Making Knives Out of Rocks in North Georgia

Enjoying the North Georgia Primitive Arts Festival.

Image licensed under CC BY 2.0. Courtesy of erix!

As promised in last week’s post about not losing your time in a fog of Netflix and malaise*, I spent part of this weekend at the North Georgia Primitive Arts Festival/Knap In. As expected, it was fairly small and uniformly delightful. Y’all, it is a truth well established that festival folks in general are friendly, and rural southern festival folks even more so.

You want to feel loved? Haul out to the Georgia Apple Festival, ignore the warnings about chewing tobacco causing mouth cancer, and eat an apple fritter with someone who makes wreaths out of bullet casings.

So, I was just delighted to find myself with my two classmates and professor on a Saturday morning, heading out to Cartersville to hang with people who like to make their own arrowheads, and–in the case of the primitive bowhunter side of the festival–their own arrows and bows, and then shoot deer with them. We rolled up–one of the few cars that wasn’t a truck–around 11am, and headed on in. 

The festival seemed to be composed of a lovely little melange of friendly old dudes, Boy Scout leaders (and their corresponding boy scouts), and people selling hand crafted soap (because those people are at every festival ever). Early on, our professor left us in order to go track down some deer antler (you get to have a fun research budget when you’re in anthropology!) and set us to wander. We took a moment to watch an older man explain some particulars of pressure flaking to a very interested but also very clueless dude, and then wandered to the next tent, where a very friendly professorial man was teaching a scout leader how to make rope out of trees.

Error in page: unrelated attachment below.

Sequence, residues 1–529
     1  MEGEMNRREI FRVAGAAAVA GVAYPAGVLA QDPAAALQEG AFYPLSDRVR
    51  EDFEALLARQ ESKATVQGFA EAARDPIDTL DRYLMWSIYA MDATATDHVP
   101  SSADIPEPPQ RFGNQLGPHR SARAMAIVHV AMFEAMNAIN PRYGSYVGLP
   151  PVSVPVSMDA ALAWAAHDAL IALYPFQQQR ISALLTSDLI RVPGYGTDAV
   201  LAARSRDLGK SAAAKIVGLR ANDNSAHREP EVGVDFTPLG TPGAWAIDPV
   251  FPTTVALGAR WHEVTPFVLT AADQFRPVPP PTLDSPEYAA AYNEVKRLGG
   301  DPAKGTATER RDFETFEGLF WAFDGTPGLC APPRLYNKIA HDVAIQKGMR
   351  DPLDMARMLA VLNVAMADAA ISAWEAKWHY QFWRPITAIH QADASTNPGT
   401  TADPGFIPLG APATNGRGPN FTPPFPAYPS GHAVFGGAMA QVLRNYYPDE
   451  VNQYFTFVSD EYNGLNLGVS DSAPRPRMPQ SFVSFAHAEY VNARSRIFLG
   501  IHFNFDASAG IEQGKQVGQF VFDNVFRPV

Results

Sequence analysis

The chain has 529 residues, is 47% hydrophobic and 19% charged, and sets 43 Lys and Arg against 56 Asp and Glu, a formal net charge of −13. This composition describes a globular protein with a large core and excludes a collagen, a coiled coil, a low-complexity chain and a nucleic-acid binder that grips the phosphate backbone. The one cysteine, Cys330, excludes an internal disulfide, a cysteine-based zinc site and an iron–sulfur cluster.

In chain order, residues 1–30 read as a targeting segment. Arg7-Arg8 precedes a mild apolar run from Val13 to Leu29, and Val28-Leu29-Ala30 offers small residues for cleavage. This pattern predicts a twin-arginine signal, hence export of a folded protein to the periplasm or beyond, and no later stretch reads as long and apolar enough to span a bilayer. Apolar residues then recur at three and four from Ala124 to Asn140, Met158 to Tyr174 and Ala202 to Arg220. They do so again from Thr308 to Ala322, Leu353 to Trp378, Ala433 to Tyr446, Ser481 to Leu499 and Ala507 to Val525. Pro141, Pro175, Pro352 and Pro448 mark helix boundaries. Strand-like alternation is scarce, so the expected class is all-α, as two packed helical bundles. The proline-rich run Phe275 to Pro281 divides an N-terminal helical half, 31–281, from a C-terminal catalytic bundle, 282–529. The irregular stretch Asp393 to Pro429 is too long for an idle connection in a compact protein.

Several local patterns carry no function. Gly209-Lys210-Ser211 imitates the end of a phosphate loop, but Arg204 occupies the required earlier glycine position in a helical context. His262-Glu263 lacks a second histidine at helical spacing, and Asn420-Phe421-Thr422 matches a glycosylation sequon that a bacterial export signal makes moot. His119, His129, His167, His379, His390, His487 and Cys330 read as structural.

There was another educational tent, for artifact identification, but as we had no artifacts to identify we hit up the shopping booths instead. There was a fun mix of things for sale–polished stones, raw flint and chert (hard cores for the hardcore), and bobcat pelts were all hanging out in close proximity. I had a lovely chat with a woman selling stones, which went about like this:

Lady: Y’all up from Atlanta? We’re from Newnan.

Me: I have relatives up in Newnan!

Lady: There was a house fire up there today. Four kids died.

This is the kind of conversation that reminds you that you share a regional home with Flannery O’Conner.

Towards the end of our festival time, I was wandering around with one of the other two students–who is from some much more cosmopolitan place outside of the US–and she spotted the board describing the rest of the festival’s schedule. This led to my second favorite conversation of the weekend:

Her: Oh, brain tanning! That is… a metaphor? I don’t understand how that would work.

Me: Tanning is how you prepare hides to make leather.

Her: So… The brain part is a metaphor? Surely?

Me: No, I think it involves rubbing brains into the skin. I read about it as a child.

Her: … Oh.

She seemed not totally sold on the rural American south after that point.

Other than the primitive arts festival, I managed to totally fail in planning fun things to do with myself. It was a rainy, grey sort of weekend where I should have been many times more productive or social than I was. Instead I spent a lot of time thinking about how I ought to go to the Inman Park Festival and then–as has happened for the last three years or so–not getting it together enough to go. So, not a total success.

That being said, I am glad I managed to go to the one festival I did hit. Hopefully, soon enough the rain will let up and I will graduate, and I will be able to go to every festival between mid-May and Labor Day weekend.

* I’m going to list that as my hobby next time I reactivate my OKCupid profile.

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